Thinking and talking about rugby every day for 50+ years
You are here: Home » Sporting Quotes
'The greatest thing that can happen to the state of Queensland and the nation of Australia would be if and when we get rid of the media. Then we would live in peace and tranquility - but no one would know anything!.'
From the Scottish rugby star of the 1920s; 'It doesn't matter in any game of rugby how many points the opposition scores, as long as we score more!'
'Young men have visions, old men have dreams.'
'Scientists now say there are two things you can see from outer space; the Great Wall of China and the holes in the Scottish rugby team's backline defence.'
When rugby teams still gather in a huddle at halfway after they have run onto the field usually someone in the team can be seen talking away. But really, once you're on the field there's actually nothing left to say. You just have to get on with it!"
When the new young golf star Jordan Spieth, in the 2014 Masters Golf tournament, had played fearlessly throughout, showing no nerves, Weekley said; "That kid ain't got no bills to pay, he ain't got no kids; When you're that young to him it's only all about the sport he's playing. You don't have to worry about nuthin' else!"
Seen regularly on Japanese supporters shirts in Australia during the 1987 Rugby World Cup; 'If you ain't got no guts, you don't get no glory!'
From the renowned American gonzo journalist Hunter S.Thompson: "Sportswriters are a rude and brainless subculture of fascist drunks,'
'The (bronze) medal I won is fine, but it is only a souvenir. It's what you learn from the Olympics that is most important.'
"It's 45 minutes after the game right now and I still don't want to take this jersey off. That's because I know that when I do it'll be for the last time..."
Brian O'Driscoll, the Irish and British Lions centre three-quarter - reacting philosophically for the media after his 140th, and last, game of international rugby, in Paris 16th March 2014.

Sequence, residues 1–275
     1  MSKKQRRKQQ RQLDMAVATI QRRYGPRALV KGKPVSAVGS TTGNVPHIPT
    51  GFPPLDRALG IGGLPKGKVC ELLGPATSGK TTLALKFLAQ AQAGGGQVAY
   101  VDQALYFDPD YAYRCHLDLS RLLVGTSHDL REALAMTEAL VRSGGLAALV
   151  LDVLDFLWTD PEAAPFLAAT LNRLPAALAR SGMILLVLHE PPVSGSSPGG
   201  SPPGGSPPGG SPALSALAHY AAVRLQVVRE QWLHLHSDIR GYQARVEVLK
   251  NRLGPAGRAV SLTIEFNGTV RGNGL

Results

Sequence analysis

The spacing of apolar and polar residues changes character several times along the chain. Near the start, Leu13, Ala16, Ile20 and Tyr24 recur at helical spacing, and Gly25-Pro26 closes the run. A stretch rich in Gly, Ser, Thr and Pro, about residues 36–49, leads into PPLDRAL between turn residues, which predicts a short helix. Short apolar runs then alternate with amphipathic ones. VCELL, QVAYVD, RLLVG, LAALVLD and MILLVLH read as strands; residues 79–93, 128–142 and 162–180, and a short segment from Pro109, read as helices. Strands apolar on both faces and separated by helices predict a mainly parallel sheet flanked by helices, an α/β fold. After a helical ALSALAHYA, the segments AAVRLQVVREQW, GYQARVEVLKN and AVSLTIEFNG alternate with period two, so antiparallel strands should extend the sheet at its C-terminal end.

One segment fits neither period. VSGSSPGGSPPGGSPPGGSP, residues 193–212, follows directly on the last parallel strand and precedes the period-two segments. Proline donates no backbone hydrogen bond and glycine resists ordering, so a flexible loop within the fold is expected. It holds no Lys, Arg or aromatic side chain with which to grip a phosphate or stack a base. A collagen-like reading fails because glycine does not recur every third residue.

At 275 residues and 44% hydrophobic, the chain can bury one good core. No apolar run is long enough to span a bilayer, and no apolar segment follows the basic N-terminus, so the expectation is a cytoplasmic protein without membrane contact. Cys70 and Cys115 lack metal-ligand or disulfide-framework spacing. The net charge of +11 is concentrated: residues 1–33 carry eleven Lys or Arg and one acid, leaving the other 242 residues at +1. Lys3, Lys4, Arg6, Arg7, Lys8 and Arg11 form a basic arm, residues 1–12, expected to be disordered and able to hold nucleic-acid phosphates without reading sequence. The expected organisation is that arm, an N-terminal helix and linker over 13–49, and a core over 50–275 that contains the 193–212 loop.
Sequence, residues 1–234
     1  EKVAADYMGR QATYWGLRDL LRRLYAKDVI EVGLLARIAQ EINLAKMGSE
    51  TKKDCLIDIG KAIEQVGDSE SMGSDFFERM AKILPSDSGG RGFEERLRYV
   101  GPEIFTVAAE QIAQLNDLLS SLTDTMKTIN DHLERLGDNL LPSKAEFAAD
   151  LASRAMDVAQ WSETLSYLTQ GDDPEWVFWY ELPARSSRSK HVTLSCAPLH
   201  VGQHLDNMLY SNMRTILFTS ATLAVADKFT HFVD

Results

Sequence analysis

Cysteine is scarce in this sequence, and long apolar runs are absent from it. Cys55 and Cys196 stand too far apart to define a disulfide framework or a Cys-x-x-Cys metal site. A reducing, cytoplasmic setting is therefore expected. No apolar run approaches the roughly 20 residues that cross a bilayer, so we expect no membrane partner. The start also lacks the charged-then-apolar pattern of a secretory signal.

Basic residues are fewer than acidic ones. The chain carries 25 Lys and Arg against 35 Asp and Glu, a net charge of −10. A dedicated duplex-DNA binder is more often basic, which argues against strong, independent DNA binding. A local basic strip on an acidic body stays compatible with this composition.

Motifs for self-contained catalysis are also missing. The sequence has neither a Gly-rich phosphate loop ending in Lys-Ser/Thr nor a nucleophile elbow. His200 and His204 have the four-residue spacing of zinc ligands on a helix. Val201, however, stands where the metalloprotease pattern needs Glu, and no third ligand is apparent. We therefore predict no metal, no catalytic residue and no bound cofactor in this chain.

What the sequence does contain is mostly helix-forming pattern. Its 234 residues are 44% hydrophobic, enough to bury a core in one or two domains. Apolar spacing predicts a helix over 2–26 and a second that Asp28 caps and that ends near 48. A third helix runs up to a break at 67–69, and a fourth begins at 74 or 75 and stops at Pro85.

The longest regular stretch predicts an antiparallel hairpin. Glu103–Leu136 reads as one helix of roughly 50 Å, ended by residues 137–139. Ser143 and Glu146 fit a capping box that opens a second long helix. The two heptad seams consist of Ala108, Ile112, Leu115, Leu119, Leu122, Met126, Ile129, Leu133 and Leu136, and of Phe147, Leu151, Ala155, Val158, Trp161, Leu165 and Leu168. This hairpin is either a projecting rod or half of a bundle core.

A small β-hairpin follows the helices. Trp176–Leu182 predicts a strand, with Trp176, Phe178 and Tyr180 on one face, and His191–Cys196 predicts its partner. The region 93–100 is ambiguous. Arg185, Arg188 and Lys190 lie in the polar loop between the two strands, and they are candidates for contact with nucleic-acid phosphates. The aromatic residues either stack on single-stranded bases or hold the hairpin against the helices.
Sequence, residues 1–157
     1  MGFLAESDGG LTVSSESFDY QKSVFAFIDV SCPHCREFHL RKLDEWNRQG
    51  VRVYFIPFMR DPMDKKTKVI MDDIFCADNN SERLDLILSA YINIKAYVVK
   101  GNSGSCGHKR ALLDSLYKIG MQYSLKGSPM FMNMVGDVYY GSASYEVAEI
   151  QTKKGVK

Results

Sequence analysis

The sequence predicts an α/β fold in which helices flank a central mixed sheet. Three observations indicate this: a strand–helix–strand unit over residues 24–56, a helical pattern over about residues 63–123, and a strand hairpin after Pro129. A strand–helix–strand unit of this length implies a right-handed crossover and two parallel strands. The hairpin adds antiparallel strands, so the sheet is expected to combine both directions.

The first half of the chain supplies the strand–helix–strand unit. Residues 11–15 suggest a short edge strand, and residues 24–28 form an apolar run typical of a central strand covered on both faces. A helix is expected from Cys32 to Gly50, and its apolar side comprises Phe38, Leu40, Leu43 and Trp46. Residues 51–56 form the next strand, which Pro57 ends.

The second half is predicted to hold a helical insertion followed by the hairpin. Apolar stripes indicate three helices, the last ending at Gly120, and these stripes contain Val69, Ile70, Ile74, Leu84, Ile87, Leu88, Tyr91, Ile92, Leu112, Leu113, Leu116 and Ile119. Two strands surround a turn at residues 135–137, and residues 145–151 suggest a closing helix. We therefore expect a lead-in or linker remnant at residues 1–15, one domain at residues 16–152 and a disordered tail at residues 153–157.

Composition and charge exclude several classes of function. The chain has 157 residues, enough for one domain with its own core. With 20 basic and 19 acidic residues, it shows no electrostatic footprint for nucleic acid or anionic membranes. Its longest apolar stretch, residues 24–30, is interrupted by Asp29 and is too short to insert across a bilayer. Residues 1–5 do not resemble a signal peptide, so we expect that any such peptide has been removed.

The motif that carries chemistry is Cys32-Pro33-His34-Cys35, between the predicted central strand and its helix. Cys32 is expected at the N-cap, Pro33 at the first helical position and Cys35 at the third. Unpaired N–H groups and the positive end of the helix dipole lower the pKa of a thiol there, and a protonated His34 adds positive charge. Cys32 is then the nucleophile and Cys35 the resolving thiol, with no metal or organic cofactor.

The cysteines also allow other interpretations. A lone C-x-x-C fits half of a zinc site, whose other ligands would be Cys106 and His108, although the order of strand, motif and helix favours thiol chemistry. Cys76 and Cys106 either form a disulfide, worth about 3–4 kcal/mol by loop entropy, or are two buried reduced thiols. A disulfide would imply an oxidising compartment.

(Before his 1984 Wallaby team played their last international heading towards winning a Grand Slam in Great Britain): 'In life there are four things which don't come back; a speeding arrow, the spoken word, time, and a neglected opportunity.'
'Of the five most useless things there are in the world; three of them would be the cheers we do for the ref at the end of any game!'
Spoken with his strong north of England accent; 'On the field you gives it, you takes it, and yer doon't fookin' groomble!'
When speaking about his time as an international rugby player: 'In my country (Belgium), if you sit beside the phone long enough, it will ring and you will be invited to play rugby for Belgium!'
'Time is of the essence,
The crowd and players
Are the same age always,
But the man in the stand,
Is older every season.'
And there's a many a Kiwi who has rung him on this day in the years since - after he grew to be one of our greatest All Blacks.
Royal Air Force, Leicester and England
85 internationals for England 1984–96
6 internationals for British Isles 1989-93
Leicester, Newcastle and England
27 internationals for England 1992-98
1 international for British Lions 1997
Two dashing brothers who were regular wingers in England’s selections in the 1980s and 90s.